Mackintosh's only known drawing for the stone was presumably intended for presentation to the client, or for exhibition. 11 It does not give enough information for a carver to realise the design in three dimensions, so can hardly have been a working drawing. Mackintosh is said to have made a full-size clay model for the carver to work from, as he did for his later Talwin Morris monument in Dumbarton and Orrock Johnstone monument in East Wemyss. 12 The making of a full size model follows the practice of contemporary sculptors, as does Mackintosh's initialling and dating of the finished work that was carved from his design by other hands.

Historic photograph of James Reid gravestone

Fourteen years after the Reid stone was made, Mackintosh's drawing for it was published along with illustrations of the Morris and Johnstone monuments in the British Architect. 13 The illustrations were accompanied by a letter from Mackintosh, in which he decried the shortcomings of contemporary gravestones and pleaded for simplicity and the avoidance of sentimentality:

The present-day graveyard is surely the most ugly and depressing place in any modern town or village, because of the assemblage of tombstones of an inartistic and thoughtless character. ... This is not the place to discuss the bad taste of people, rich and poor, who vie with each other as to who shall have the most arrogantly ugly heap of granite, marble or freestone erected in the name of a tombstone. But it is certainly possible that in your admirable weekly you can suggest from time to time that simplicity and sincerity may be fine, and may be art, but that thoughtless extravagance never can be either.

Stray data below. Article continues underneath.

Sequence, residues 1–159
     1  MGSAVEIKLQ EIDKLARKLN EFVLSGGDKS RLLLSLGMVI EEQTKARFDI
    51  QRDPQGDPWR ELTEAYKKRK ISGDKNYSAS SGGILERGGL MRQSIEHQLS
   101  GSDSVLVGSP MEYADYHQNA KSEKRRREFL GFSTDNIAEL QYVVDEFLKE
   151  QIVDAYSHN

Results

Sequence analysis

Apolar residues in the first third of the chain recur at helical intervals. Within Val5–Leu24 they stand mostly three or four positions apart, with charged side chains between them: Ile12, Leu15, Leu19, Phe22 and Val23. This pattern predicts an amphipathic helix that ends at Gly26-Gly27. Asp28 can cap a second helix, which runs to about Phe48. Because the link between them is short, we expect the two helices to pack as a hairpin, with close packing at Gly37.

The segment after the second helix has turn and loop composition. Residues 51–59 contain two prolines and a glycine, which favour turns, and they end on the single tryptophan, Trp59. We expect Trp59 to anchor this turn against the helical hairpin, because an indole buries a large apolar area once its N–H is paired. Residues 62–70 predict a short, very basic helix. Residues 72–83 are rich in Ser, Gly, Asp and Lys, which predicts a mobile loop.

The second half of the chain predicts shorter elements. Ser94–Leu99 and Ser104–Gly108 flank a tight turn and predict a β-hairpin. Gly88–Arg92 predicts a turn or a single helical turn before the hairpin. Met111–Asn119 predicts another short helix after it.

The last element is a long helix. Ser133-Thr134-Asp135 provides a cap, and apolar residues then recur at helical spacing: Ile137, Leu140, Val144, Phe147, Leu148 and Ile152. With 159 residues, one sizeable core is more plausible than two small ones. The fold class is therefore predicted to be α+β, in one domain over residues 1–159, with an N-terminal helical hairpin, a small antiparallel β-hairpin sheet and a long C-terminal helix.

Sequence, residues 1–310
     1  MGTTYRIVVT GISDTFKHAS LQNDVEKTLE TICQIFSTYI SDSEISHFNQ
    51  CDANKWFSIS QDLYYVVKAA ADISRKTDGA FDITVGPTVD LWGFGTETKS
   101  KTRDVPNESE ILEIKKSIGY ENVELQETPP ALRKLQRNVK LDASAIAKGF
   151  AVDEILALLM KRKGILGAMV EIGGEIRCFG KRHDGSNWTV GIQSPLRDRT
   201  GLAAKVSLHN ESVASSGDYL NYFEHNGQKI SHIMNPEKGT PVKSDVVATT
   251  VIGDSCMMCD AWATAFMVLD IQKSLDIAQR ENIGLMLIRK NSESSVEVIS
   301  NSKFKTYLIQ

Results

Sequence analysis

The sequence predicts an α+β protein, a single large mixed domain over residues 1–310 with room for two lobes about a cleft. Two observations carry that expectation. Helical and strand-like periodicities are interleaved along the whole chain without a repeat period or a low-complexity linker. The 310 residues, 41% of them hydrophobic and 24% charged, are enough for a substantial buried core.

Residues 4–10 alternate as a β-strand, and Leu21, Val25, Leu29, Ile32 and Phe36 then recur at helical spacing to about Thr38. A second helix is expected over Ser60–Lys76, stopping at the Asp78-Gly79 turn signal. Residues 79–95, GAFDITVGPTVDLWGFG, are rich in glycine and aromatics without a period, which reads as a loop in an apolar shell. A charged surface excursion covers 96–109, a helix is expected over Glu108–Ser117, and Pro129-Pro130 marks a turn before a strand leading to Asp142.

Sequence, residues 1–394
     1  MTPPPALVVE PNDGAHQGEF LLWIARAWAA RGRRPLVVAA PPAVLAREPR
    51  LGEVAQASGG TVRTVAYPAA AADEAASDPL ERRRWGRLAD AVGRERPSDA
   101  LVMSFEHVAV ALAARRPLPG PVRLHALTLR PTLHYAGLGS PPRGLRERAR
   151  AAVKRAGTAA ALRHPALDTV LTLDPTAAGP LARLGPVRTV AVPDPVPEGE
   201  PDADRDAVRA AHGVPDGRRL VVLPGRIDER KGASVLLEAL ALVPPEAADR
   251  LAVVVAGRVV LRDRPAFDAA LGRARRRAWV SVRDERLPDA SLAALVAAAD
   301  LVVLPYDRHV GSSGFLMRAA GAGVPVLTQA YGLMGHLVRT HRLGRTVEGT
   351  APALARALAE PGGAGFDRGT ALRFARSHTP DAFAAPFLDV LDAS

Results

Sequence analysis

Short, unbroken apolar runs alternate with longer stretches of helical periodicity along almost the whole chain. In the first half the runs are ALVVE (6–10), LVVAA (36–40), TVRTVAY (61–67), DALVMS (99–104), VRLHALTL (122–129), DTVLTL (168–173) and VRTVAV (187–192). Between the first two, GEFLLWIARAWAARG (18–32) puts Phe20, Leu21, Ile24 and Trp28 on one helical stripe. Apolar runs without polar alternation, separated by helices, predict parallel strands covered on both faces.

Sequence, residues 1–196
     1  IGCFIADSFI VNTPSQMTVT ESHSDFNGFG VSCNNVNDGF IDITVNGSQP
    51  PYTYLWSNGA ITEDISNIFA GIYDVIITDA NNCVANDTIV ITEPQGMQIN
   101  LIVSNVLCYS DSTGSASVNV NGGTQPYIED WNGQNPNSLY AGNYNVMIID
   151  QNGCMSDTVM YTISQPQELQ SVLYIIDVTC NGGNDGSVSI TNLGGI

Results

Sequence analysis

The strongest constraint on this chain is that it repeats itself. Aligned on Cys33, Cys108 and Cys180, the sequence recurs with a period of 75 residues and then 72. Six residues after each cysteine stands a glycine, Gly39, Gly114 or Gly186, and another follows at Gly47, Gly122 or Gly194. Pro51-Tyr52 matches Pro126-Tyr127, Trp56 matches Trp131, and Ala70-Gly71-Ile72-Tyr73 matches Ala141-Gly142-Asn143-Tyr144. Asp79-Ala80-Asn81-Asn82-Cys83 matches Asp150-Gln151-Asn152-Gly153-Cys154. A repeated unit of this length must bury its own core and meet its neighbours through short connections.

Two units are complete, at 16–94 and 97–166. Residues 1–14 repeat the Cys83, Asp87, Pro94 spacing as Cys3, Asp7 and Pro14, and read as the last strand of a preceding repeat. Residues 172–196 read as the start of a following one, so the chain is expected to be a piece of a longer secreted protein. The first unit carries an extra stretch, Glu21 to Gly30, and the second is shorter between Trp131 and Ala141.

A report on the condition of the Reid stone was produced as part of the Mackintosh Buildings Survey, led by the Charles Rennie Mackintosh Society and carried out between 2015 and 2016. 14

Notes:

1: Information from Glasgow Post Office directories.

2: The full inscription reads: 'ERECTED BY / MARGARET HENRY / REID IN / REMEMBRANCE OF HER / HUSBAND JAMES REID / BORN 29 AUG 1837 DIED 4 OCT 1897 / TELEGRAPHIC SUPDT G & SWRY / MARGARET HENRY / REID DIED 13 JULY 1907 AGED 71'.

3: Charles Rennie Mackintosh Society Newsletter, 61, Spring 1993, p. 3; The Hunterian, University of Glasgow: letters from descendants, 15 October 1999 and 9 November 1999.

4: The Hunterian, University of Glasgow: GLAHA 41928 (M147-001).

5: The Hunterian, University of Glasgow: GLAHA 52619. The date and initials are less clearly visible on a photograph published in Dekorative Kunst, 5, March 1902, p. 215.

6: For example, The Hunterian, University of Glasgow: GLAHA 53012/28, GLAHA 53014/27, GLAHA 53014/32.

7: University of Toronto, Robarts Library: letter from W. S. Moyes to Thomas Howarth, 29 April 1947, B96-0028/017 (13).

8: British Architect, 44, 22 November 1895, pp. 359–61.

9: The Hunterian, University of Glasgow: GLAHA 53011/30.

10: British Architect, 78, 11 October 1912, p. 241.

11: The Hunterian, University of Glasgow: GLAHA 41928 (M147-001).

12: British Architect, 78, 11 October 1912, p. 241.

13: British Architect, 78, 11 October 1912, p. 241.

14: A copy of the report (MBS16) is held by the Charles Rennie Mackintosh Society, Mackintosh Queen's Cross, 870 Garscube Road, Glasgow G20 7EL. The Mackintosh Buildings Survey was funded by The Monument Trust.